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  • This topic has 17 replies, 2 voices, and was last updated 3 weeks ago by CamZ.
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  • #3709
    reflux1
    Participant

    FOR DISCUSSION PURPOSES ONLY. NOT AN ENDORSEMENT.

    With its complex blend of organic and amino acids, AgroBest Agro Chelate is designed to chelate and sequester elemental ions in spray and irrigation water, and can also act as a buffering agent!

    When Tank-mixed, this is a powerful additive to foliar nutrition sprays making major and minor elements more available! Improves spray solutions containing hard water by chelating unwanted ions.

    Got something else in mind? We have a wide range of Gardening products available!

    Features
    Major and minor elements are made more available when Agro Chelate is tank mixed, making it a powerful additive to foliar nutrition sprays.
    Agro Chelate improves spray solutions with hard water by freeing spray water of unwanted ions such as bicarbonates and chlorides.
    Agro Chelate cleans spray tanks and nozzles between sprays and assists in the removal of build up of copper and other metals in spray tanks and associated machinery.
    Agro Chelate can be injected into trickle or dripper water to assist in the acidification of root zone water bells and the release of iron, phosphorous, calcium and other soil and waterborne nutrients.
    Agro Chelate is particularly useful in hard bore water and river water with high levels of free colloidal matter in suspension.
    When used as a regular water additive, Agro Chelate gradually cleans irrigation lines.

    a buffering agent,  amino acids, not only micro nutes,  but chelatating all nutes as well,  this to good to be true yes,  ph perfect has nothing on this shit,  at the least it would be the best ph down you can get right

    i must be missing something here

     

     

    #3716
    CamZ
    Moderator

    Beware bold claims. Third party testing is king. There is no product verification in this space. Chelating agents are great, but a simple fulvic/humic acid will do the same work. Does this product have any backing for these claims?

    #3727
    reflux1
    Participant

    your probably right,  i guess what i realy want to know,  is,  can major nutes be Chelated as well,  iv seen micro and secondry nutes being chelated before,  but not major nutes

    the other thought is,  i have heard this stuff being used as a acid,  with the question being,  if it is acid,  maybe is could be a great ph down,  as its probably be more beneficial for the plnt, than regular ph down

    #3728
    CamZ
    Moderator

    Yes, major nutrients can be chelated and are avaliable if you want them. It’s far less important to due so though because they are the most abundant component in a given mix, whether synthetic or organic.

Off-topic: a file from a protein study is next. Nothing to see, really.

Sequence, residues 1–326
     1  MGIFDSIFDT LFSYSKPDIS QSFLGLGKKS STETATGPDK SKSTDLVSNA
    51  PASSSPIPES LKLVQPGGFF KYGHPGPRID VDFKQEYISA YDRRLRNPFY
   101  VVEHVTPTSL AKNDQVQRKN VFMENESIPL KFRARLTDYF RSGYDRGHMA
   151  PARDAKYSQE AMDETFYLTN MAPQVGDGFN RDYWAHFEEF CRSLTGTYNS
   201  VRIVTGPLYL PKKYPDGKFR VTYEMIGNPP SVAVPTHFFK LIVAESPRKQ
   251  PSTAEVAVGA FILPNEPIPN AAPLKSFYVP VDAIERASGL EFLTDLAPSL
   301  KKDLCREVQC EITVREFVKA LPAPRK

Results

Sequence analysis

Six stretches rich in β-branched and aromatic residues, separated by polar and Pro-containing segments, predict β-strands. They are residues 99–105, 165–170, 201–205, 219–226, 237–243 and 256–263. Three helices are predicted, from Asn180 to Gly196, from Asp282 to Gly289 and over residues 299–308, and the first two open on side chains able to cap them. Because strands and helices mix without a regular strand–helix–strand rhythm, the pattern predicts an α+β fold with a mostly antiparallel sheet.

I doubt that it would be any stronger of a ph down than humic or fulvic acids and would not suggest using it for that due to expense of use.

    #3730
    reflux1
    Participant

    your saying all nutes are more available in the presents in humic or fulvic acids,  meaning are they also a Chelate ajents as well,  or are they of simular in action, as in, they also piggy back the nutes along, making them also disolve better in water, which intern making them also more available to plants

    #3733
    CamZ
    Moderator

    So, chelating is the process of binding elements in order to increase their uptake potential and help stabilize them on a molecular level to prevent the formation of insolulable compounds. Humic and fulvic acids chelate by stabilizing ions to prevent the exchange of electrons between elements, thus keeping them in a solulable form rather than allowing them to form insolulable compounds. An easy example of this process is iron oxide. Iron oxide is insolulable in water. This means that a nonchelated iron put in water would react with the oxygen in the water to form iron oxide a.k.a. rust. There are further implications to this like the fact that iron oxide formation means that the potential hydrogen a.k.a. ph of the solution would then change. This becomes very important for liquid fertilizer because there are often several elements in solution that want to react with one another simultaneously. To prevent this, manufacturers have separate parts and sometimes compatible elements are bound together for stabilization, such as nitrogen and calcium, or sulfur and magnesium. It is possible to nano-chelate things like nitrogen by stabilizing its molecular structure during crystalization. Humic acid consists of larger particles, while fulvic acid contains smaller ones. As a chelating agent, fulvic acid is better due to its molecular size. It is small enough to be drawn in through the roots and leaves. Fulvic acid exists within humate and is extracted directly from it. Fulvic acid is essentially a more refined version of humic acid, where all larger particles are removed. Depending on your style of growing, humic acid may be acceptable, but fulvic acid is always okay, even in dwc. The issue with humic acid is that it’s too large, thus must be processed before its useful. This is a good thing in most situations because it gives bacteria and fungi something to break down, but in “dead res” hydro it can be insoluble. Idk if you have stash blend already, but it has humic acid already. If you want only fulvic then check out something like mr fulvic. Yes, humic and fulvic acid are both excellent chealators.

    #3769
    reflux1
    Participant

    sorry about the late responce iv just been dragged to hell and back

    this is great stuff for someone that dont no about this,  this is gold, i wont grow without them now i know just how great they are,  now you have pointed me in the right directon,  iv researched this good,  i love how its all made from nature, 2 questons i do have

    1- will they also tranfer nutes to the leaves when folar feeding as well

    2- i read the chelates encapsulate the nutes and then transfer the nutes up to the cell walls then seperate and then go back to the nute resevour only to chellates another nute,  how cool is this, is it realy true

    thanks again man,  theres much data in the post above, iv learned more good shit from you, than years of reserch,  you realy are gold i cant thank you enough

    #3773
    CamZ
    Moderator

    I appreciate the kind words. I don’t believe they work in that way. I’m pretty sure they get stored in the plant cells once they are uptaken. Once in the cells they are utilized to form secondary metabolites.

    Only fulvic acid is useful in foliar. Humic acid is too large to enter the leaves. Not sure if I answered your question correctly.

    #3782
    reflux1
    Participant